But the main reason Merkel leaves power with an 80 percent approval rating is that, whether she receives more credit than she deserves, she has presided over a period of economic expansion and prosperity in Germany that few other world leaders can match. It's all the more remarkable then that her party looks set to find itself in opposition once a new government is formed. It's Merkel that German voters like, not her political family.

Bottom-line: Whatever he accomplishes as Germany's next chancellor, Olaf Scholz will find Angela Merkel a tough act to follow.

Jon Lieber, head of Eurasia Group's coverage of political and policy developments in Washington, shares insights on US politics:

Is a US government shutdown coming?

Hard to say. Republicans and Democrats generally are in agreement about the need to fund the government. And they generally agree at what level the government should be funded. And they generally agree about the need for supplemental money for Afghanistan and some natural disasters, coming out of hurricanes this season and wildfires. What they're not in agreement about is the federal debt limit, which is the cap on US borrowing that the US hit in early August and needs to be extended by some time in October. Otherwise, the US will have a first-ever default. This would be a very bad outcome with cataclysmic results for the entire world economy.

More Show less

Germany's Chancellor Angela Merkel has seen a lot during her 16 years in power. She's navigated a global economic recession, multiple wars in the Middle East which sparked an EU refugee crisis, and now a once-in-a-generation pandemic. Often the only woman in the room, Merkel has had to learn to tactfully deal with dozens of idiosyncratic world leaders. Many have come and gone since 2005, but Merkel has won elections again and again. We take a look at who she's dealt with from the top democracies (by economic size) throughout her tenure.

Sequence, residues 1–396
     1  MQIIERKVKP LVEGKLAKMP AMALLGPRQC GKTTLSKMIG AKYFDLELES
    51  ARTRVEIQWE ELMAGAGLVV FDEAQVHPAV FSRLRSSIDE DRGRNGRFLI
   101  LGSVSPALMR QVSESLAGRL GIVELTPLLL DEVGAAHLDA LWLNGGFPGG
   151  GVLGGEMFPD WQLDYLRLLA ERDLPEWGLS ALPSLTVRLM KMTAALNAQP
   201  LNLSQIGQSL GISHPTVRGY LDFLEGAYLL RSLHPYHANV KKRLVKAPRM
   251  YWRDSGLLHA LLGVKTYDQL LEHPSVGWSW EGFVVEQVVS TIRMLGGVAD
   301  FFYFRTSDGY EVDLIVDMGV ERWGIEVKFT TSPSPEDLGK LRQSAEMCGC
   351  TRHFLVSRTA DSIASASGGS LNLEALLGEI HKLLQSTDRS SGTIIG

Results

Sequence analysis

In May 2020, economic historian Adam Tooze told GZERO World he feared 1 in 5 American workers could still be out of job now due to COVID. It didn't happen. Why? Tooze says he failed to anticipate how quickly we'd get highly effective vaccines, and the scale of the economic stimulus the government was willing to put up. During the 2008 financial crisis, he explains, "we were still beginning to flex our muscles with regards to economic policy, and the scale of fiscal and monetary stimulus that we've seen is as unprecedented as the shock of the spring of last year."

Watch Tooze's interview with Ian Bremmer on the latest episode of GZERO World, airing on US public television starting Friday 9/23/21. Check local listings.

Will Evergrande be China's Lehman Bros? Chinese authorities are bracing for the increasingly likely default of Evergrande, the country's most indebted property developer. If Evergrande — a gargantuan corporation with properties in 200 cities across China — stiffs its creditors, that'll send shockwaves throughout the country's financial system, and the wider Chinese economy and society. The possible ripple effects on home buyers and countless companies and individuals that do business with or are owed money by Evergrande have invited comparisons with Lehman Brothers, the US investment bank whose 2008 collapse triggered an American financial crisis that quickly spread to the entire world. Although in principle authoritarian China has ways of containing the fallout, the potential for social unrest is real — and opacity could make it worse. More broadly, the demise of such a big player in the country's once-booming real estate market, which accounts for over 7 percent of GDP, would expose the shaky foundations of China's debt-driven economic growth model, eroding confidence in China both at home and abroad.

More Show less

Betrayal. Treason. Duplicity. These are some of the words used by the French government to describe the US' recent decision to freeze Paris out of a new security pact with the UK and Australia in the Indo-Pacific, which nixed a contract for Australia to buy French submarines.

Macron's subsequent tough stance against one of its oldest and closest allies is unusual, including his decision to briefly recall the French ambassador from Washington, the first time a French president has done so. But this headstrong strategy is also a deliberate diplomatic choice.

More Show less

Subscribe to GZERO Media's newsletter, Signal

GZEROMEDIA

Subscribe to GZERO Media's newsletter: Signal

GZEROMEDIA

Subscribe to GZERO Media's newsletter: Signal